It is not without reluctance that I share with the world that I have ADD, or ADHD as all varieties are called these days, although I don't have the hyperactive aspect.
Let's face it (whoa! I've been watching too much politics...)... there are still way too many people out there who think ADHD is over diagnosed, over medicated, and a symptom of the instant gratification generation or bad parenting. That is both my reluctance and my motivation; I fear judgement, but I want to help others. Trouble is, there are people like me who didn't grow up texting, playing video games (does a brief stint with Pong count?), or the internet. Nor did my parents refrain from disciplining me. Word is, I didn't need much disciplining, nonetheless, they disciplined us all. I sat on the periphery and watched the world around me until something ignited my fire, and then I cowered or I only followed, never initiated.
There are people like me who never know why they feel like (and are often seen as) they'll always and forever be an underachiever, a perpetual failure, or have something to offer the world but just can't seem to ever quite make it happen.
But Heaven bless those who know what they're talking about! People who have spent their entire careers studying ADHDers and devote their lives to helping people like me to simply function, if not succeed in life. People who have left legacies of medication research since WWII. And bless my intelligent family members who have helped me understand this through their examples and perseverance.
It is precisely because I don't have the "H" in ADHD that I am now 37 and could only recently put a name to its face.
Have you ever had the experience of developing a relationship in work or life where you only ever talk to them on the phone, online, through letters or through a trusted mutual friend? You may get to the point where they are an important part of everyday life. Only problem is, you've never seen their face. That person is real, but not complete. Not fully understood. Always a little mysterious. Chances are you may never meet them and so you say, "Oh well, at least I know about them. I know someone who knows them personally and that's good enough."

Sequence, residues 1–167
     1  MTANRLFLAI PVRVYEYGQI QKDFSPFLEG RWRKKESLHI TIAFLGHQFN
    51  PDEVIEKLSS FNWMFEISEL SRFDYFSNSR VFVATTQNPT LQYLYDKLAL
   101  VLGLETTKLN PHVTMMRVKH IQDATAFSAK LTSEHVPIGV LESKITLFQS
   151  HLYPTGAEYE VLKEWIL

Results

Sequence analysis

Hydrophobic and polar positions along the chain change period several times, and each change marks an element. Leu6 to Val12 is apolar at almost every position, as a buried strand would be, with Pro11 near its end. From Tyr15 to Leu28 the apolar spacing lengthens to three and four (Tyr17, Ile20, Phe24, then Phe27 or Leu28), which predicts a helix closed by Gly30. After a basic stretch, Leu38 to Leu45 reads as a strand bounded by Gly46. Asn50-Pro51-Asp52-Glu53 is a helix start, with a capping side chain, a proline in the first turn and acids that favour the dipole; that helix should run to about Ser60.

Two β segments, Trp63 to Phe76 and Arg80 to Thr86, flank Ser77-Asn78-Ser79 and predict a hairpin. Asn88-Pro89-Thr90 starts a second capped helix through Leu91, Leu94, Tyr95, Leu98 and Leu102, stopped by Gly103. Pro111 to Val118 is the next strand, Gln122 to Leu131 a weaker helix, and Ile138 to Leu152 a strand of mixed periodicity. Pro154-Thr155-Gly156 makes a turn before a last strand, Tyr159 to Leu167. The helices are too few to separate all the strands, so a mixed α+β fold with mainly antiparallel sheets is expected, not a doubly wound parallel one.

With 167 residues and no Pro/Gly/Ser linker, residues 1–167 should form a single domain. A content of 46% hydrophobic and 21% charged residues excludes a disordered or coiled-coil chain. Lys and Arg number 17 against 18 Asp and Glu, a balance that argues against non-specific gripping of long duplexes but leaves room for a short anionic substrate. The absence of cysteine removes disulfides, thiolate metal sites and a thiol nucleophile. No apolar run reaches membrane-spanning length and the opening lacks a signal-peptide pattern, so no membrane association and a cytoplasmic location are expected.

Meeting ADHD has been like that for me. I've seen glimpses in my own behavior, never knowing they were pieces of a puzzle that made up a face. Never knowing they had a name. And this past year I got to personally shake the hand of Mr. ADHD and say, "I've heard so much about you. I feel like I've known you all my life. I thought I might have seen you once, but you know... you don't look like I had you pictured in my head."
It's liberating to finally put the puzzle together and give the face a name. The face of things I have tried and tried and tried to get control of but continually feel guilty that I can't, over compensating wherever I can. And because I keep trying people call me "a perfectionist" and "OCD". So I repeatedly learn to accept myself and work to embrace my challenges, except that just around the corner something else is going to spark a fuse and often bring with it depression and anxiety. That's just part of life. That's normal for me. But I knew I was capable of more.
Now, I accept the name ADHD into my life.
Not as an excuse (I never intended to forget what I said I would do the other day, all. the. time.?);
Not as a "label" (I detest being compared to others?); but...
I accept it because I finally understand the workings of my brain!
It is liberating because I finally know how to get help to function some days and succeed in others. And ADHD is no longer a mysterious acquaintance, he's my friend.
The book that helped me understand me brain: